What I do want to point out, though, is that Peabody  continues to lag when it comes to gradation rates, and while some school committee members might tell you how it’s better than it used to be, we should still view it as unacceptable that we’re below state average.

The state average of 83% puts Massachusetts at just 11th nationwide, and Peabody’s adjusted rate is 82.2. That not only puts Peabody well behind other area communities such as Beverly and Danvers, but we’re pretty much tied with Salem. To be fair, it does represent improvement over a graduation rate that, in recent years, had hovered around 79%.

But can’t we do better than this?

Let me know what you think.

You can read more details about how Peabody compares in this article from the Patch.

Poll: If you were mayor, what would you focus on first?

19 Nov

By Eye on Peabody

So let’s play pretend today, and give you a chance to play Mayor For A Day. Please participate in our poll below, so we can see which issues interest our EOP audience the most.

This post brought to you by “You Make the Call,” Peabody’s longest-running cable show on the issues of the day.

Hats off and thanks to this wonderful educator

17 Nov

By Bob Croce, EOP Publisher

Forget about the teachers unions and politicians thinking they know what’s best when it comes to educating our kids. Forget all of them, and think about wonderful educators such as Maryellen McGrath. 

All she ever wanted to be was a teacher. And all she ever wanted to do was teach in her hometown of Peabody. Now, 41 years later, after being a memorable and positive influence on generations of kids, this terrific educator is retiring at the end of January.

Most recently, Maryellen served as principal at the South School, but before that she spent her entire teaching career on the elementary school level in Peabody.

I’m just one citizen, one taxpayer, but from the bottom of my heart, I thank her for her service.

Here’s a nice take on her story from the Peabody Patch

Peabody High’s version of the sweathogs costing taxpayers $70k per student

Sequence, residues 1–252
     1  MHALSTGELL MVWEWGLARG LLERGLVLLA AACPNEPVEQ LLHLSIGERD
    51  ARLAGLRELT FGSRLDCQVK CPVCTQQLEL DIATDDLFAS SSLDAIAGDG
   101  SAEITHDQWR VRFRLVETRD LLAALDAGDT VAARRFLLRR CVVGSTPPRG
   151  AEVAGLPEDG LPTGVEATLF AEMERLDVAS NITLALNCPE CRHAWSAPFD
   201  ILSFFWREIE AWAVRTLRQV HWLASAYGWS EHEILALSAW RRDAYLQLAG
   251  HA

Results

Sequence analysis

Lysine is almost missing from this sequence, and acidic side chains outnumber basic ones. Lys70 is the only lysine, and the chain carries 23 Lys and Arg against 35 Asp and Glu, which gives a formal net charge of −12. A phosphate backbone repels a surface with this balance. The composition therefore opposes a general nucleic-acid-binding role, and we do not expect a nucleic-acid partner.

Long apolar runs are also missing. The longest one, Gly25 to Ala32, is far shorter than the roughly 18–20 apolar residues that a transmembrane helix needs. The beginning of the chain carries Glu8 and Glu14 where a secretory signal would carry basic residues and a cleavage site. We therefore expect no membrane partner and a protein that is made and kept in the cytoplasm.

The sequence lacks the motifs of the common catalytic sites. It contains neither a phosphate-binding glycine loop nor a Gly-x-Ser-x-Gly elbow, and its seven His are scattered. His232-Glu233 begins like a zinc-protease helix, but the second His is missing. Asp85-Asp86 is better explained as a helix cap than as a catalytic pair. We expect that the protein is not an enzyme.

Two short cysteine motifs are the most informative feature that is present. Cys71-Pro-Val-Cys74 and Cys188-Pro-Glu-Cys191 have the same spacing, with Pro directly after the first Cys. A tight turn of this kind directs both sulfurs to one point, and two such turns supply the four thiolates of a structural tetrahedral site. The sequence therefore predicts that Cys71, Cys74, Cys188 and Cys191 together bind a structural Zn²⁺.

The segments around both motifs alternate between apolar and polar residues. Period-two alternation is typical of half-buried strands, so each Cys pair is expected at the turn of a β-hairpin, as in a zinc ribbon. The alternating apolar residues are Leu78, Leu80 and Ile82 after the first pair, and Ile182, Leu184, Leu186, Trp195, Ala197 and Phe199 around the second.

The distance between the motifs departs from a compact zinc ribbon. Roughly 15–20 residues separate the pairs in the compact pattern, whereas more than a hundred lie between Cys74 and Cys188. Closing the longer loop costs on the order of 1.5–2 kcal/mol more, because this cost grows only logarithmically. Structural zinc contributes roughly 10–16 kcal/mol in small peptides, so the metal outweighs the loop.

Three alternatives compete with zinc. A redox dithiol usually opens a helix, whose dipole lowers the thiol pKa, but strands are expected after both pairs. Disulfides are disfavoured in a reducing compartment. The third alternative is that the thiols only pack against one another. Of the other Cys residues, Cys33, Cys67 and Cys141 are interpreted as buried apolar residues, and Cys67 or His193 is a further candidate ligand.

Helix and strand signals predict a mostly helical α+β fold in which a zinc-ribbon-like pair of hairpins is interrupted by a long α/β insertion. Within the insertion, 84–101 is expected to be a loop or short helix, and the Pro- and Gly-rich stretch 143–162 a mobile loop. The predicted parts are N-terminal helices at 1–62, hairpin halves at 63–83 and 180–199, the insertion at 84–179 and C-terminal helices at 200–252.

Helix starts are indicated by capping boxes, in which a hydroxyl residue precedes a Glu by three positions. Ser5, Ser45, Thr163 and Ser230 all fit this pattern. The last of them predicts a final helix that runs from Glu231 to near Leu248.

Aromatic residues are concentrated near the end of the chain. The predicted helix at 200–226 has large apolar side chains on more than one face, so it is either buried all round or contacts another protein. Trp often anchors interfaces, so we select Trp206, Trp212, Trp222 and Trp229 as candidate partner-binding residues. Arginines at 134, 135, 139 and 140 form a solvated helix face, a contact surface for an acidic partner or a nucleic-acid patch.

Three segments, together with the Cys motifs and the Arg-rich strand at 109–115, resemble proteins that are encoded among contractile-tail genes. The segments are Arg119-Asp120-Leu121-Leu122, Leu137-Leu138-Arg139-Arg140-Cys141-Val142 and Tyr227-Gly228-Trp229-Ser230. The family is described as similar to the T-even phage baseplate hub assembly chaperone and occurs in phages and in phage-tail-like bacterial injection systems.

16 Nov

By Bob Croce, EOP Publisher

It was disbelief, followed by cantankerous anger when I told one “seasoned” citizen I know about the cost of Peabody’s so-called Community High School.

“What!? It’s costing us $70k per student!?, he bellowed, while swinging his fist in the air. “In my day, we didn’t need a special school like this. In my day, you got a smack in the head from your father, and were told to wise your ass up.”

OK, so that was just one reaction to this specific special education program run amok in Peabody. But it’s also hard not to agree with this cranky oldster. I mean, as a taxpayer, this definitely makes you want to smack someone. After all, I’m positive that it didn’t cost Buchanan High this much for their classroom of Sweathogs back in the Mr. Kotter days.

Were your aware that we are paying $700,000 for just nine students to attend a special version of high school, which is housed at the Higgins Middle School? That’s right, this is the cost to segregate these little urchins from PVMHS general population. You see, these “students” have “social and behavioral issues.”

Don’t get me wrong, I truly believe in special education, and we need to ensure that we do provide the right services for kids who need them. But warehousing a handful of juvenile delinquents, and wasting money that could be better spent in the school system, is not exactly my definition of effective special education.

The issue was uncovered recently in a report by consultant Michael Palladino, who, with colleague Michael Neiman, was brought in by the superintendent to evaluate Peabody’s special ed programs. I know there are members of the school committee who are questioning this, including Dave McGeney.  So … we’ll see what happens.

Read the full report in this Salem News article, and then let me know what you think in the comments section. Should we pull the plug on this thing? Or, do you think it’s still worthy of our tax dollars?

This post brought to you by “You Make the Call,” Peabody’s longest-running cable show on the issues of the day.